Some residents of Nigeria’s Southeast region have said they would resort to firewood and charcoal if prices of cooking gas continue to soar.
The consumers told the News Agency of Nigeria (NAN) in separate interviews that they could no longer cope with the increase in the prices of cooking gas.
They called on the federal government to address the current hike in the price of cooking gas to ease the people’s suffering.
NAN’s check-in some gas plants in Abia, Anambra, Ebonyi, Enugu and Imo states showed that the price of cooking gas had increased by more than 50 percent.
For instance, a 12.5kg cylinder, which was sold for N6,800 in September, had increased to between N7,800 and N8,000, depending on locations.
A 6kg cylinder which previously sold for N2,900, had gone up to N4,200 in less than a month.
“You know gas is refined and imported into the country, therefore, the price is dominated by the dollar. So, the more the naira is devalued, the higher the prices will continue to rise,” he said.
Some consumers blamed the government for its inability to control the price of cooking gas in the open market.
“As a civil servant with no increment in salary, it is now becoming very difficult keeping up with the everyday rise in prices of foodstuff, transportation, rent and now cooking gas.
“This development is sad because our country is endowed with natural gas. I also blame the Federal government for its inability to control the price in the open market.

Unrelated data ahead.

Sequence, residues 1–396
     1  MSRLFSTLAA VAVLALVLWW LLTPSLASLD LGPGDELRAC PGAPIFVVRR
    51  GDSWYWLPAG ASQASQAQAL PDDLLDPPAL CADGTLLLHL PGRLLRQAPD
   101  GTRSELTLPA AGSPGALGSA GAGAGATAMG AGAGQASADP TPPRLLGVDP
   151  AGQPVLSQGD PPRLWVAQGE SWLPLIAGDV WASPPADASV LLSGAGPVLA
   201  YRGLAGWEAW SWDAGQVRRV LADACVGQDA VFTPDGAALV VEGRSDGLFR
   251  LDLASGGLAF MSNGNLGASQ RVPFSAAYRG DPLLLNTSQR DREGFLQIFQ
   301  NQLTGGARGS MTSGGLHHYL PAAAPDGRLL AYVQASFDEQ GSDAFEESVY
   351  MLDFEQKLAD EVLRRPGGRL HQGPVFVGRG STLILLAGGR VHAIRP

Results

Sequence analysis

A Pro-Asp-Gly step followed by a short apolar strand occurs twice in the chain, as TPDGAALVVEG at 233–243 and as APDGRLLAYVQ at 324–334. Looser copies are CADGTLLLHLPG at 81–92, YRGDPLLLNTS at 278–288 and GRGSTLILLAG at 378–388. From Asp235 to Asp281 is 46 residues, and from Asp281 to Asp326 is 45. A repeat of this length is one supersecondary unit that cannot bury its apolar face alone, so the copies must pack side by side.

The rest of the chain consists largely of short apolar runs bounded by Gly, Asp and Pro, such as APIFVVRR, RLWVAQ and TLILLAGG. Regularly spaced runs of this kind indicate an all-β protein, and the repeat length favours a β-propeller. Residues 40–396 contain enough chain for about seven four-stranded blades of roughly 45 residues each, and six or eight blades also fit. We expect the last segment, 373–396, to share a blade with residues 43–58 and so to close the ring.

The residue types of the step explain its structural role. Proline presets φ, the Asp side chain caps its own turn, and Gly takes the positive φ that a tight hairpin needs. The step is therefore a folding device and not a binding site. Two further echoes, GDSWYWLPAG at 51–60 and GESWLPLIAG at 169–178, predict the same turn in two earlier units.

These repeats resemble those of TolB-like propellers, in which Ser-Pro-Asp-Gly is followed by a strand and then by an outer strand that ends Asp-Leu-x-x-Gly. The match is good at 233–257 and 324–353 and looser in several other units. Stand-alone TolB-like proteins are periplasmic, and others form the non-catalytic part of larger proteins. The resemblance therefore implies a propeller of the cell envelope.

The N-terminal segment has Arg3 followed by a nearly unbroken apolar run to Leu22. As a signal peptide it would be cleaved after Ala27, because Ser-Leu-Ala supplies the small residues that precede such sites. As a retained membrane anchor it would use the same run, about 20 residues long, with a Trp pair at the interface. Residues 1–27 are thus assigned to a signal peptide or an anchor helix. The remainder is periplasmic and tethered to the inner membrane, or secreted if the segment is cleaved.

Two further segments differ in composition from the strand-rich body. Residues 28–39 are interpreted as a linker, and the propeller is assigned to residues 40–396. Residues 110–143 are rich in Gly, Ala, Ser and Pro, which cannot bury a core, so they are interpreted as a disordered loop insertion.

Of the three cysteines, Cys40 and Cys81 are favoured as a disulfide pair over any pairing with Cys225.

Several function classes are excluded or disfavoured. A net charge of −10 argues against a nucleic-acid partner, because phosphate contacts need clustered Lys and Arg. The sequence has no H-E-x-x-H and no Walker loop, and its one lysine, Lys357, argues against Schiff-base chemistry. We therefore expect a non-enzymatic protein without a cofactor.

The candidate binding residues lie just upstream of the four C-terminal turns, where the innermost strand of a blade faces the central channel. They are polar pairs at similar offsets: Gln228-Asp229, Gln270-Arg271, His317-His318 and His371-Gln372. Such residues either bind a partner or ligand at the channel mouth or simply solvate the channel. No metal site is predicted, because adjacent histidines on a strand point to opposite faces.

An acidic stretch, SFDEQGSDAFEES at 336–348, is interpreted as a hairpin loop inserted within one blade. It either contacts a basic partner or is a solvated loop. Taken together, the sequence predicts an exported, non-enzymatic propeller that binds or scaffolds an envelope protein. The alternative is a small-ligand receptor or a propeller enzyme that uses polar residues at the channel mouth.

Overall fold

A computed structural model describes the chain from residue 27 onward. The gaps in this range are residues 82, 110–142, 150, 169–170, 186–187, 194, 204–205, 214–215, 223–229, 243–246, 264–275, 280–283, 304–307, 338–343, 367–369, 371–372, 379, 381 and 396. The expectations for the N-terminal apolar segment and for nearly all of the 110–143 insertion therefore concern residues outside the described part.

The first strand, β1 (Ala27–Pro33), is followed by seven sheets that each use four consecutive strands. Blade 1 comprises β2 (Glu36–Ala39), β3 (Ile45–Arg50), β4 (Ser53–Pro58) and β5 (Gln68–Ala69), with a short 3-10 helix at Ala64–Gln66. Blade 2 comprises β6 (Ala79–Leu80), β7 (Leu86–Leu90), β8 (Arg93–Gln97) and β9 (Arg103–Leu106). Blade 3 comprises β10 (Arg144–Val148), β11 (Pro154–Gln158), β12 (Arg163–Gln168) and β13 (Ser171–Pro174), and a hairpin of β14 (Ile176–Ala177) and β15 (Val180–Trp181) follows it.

“I appeal to the government to reduce or have a fixed price for cooking gas to alleviate our sufferings,” Mr Okongi said.
“The government should come to our aid’
Another resident, Helen Aniaso, a caterer, said the daily rise in the price of cooking gas was impacting on her business negatively.
“It is frustrating because every time we go to refill, the price increases. It is affecting my business in terms of productivity and profit.
“It is not also cheaper resorting to kerosene, charcoal, or firewood because their prices too have increased.
“The government should come to our aid before our sources of livelihood collapse,” she said.
Adolphus Egwu, a businessman in Onitsha, expressed fears that the price of a 12.5kg gas cylinder might increase to N10,000 by December if the government did not act quickly.
“This practice of gas sellers is highly unfair to users, considering the economic situation in the country. Because of this hike, a plate of food rose from about N400 or N500 to N800 or N1,000.
“I appeal to the relevant regulatory agencies to halt this practice by monitoring and checking the excesses of the sellers,” he said.